Bruce Momjian wrote:
> Gregory Stark wrote:
> > "Bruce Momjian" <[EMAIL PROTECTED]> writes:
> > 
> > > I think the only other thing we _could_ do is to re-open normal 8.3
> > > development, so we aren't hampering updates to trivial parts of the
> > > code. Many of the patches now in the queue had been developed for months
> > > before 8.3 started, so the hope is that we wouldn't have many more new
> > > large patches, but several small ones we could deal with while we
> > > whittle away at the larger patches during the next few months.
> > >
> > > The question is whether it is healthy for us to remain in feature freeze
> > > for months, and if it is unhealthy, what are our options?
> > 
> > I don't see any reason development has to stop while the tree is in feature
> > freeze. If it led to patches being ready for review and getting reviewed and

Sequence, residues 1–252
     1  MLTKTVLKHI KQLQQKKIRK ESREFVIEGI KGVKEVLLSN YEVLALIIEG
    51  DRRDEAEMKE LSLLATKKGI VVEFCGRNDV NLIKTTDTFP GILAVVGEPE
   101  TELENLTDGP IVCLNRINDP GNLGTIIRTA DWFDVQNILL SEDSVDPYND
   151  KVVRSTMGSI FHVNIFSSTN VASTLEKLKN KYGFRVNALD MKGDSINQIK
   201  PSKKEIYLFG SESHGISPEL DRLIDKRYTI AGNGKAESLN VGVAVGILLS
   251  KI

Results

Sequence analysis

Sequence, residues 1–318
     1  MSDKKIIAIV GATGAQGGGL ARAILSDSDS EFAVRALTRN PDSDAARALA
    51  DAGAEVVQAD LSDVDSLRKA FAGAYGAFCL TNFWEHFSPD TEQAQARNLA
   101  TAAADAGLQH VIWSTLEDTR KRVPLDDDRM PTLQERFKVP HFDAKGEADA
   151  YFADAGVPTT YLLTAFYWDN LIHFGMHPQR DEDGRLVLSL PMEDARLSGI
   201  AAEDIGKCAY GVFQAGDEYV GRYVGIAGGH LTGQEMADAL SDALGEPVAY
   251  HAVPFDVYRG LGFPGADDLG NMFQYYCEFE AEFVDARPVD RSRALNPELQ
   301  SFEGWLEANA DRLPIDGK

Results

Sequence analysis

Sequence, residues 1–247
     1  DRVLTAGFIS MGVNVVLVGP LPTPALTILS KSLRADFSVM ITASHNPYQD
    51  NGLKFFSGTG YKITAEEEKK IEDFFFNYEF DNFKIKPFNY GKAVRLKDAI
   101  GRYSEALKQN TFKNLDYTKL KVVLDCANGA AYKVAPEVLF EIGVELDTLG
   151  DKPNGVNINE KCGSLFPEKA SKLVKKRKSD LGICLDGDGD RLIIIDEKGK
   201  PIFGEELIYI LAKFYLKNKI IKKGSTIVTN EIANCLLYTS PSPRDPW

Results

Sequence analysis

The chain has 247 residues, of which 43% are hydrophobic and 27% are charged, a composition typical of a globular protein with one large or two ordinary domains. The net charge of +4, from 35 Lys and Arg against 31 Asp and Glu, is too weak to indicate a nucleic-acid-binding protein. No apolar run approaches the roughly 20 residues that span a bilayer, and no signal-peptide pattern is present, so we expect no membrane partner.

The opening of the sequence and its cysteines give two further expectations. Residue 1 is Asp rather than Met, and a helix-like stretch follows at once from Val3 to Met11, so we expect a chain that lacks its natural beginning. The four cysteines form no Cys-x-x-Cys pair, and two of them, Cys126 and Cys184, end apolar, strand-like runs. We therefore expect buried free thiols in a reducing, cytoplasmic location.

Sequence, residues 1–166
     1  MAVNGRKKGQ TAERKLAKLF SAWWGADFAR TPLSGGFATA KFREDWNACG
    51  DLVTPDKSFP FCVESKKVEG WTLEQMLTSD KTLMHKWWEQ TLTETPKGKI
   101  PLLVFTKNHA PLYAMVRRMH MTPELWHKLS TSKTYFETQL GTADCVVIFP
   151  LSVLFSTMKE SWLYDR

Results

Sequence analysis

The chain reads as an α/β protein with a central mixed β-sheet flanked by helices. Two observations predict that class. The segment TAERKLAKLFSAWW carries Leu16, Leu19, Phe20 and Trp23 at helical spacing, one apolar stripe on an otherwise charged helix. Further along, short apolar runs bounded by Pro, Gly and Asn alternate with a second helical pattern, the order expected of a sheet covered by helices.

> > committed early in the cycle rather than just before release I think it 
> > would
> > actually be extremely healthy.
> So you are saying just let people keep developing for 8.4 and we will
> use it as soon as we start for 8.4.  OK.  We might get to a point where
> we can just open development for 8.4, apply outstanding patches, and
> head for beta.  ;-)

This is what happens with the Linux kernel.  They have hundreds of
developers getting their hands dirty during a previous period.  Then
2.6.20 is released; the 2.6.21 "merge window" opens, and all sort of
patches are flooded in.  The merge window closes some time after that
(it's something like 2 or 3 weeks), and the stabilization period follows
(2 months?), during which 2.6.21-rc1, -rc2 etc are released.  When
stability is reached, 2.6.21 is released, and the cycle starts again.

Sadly, we are missing the hundreds of developers.  We are nowhere near
the scale of Linux.

Alvaro Herrera                      
The PostgreSQL Company - Command Prompt, Inc.

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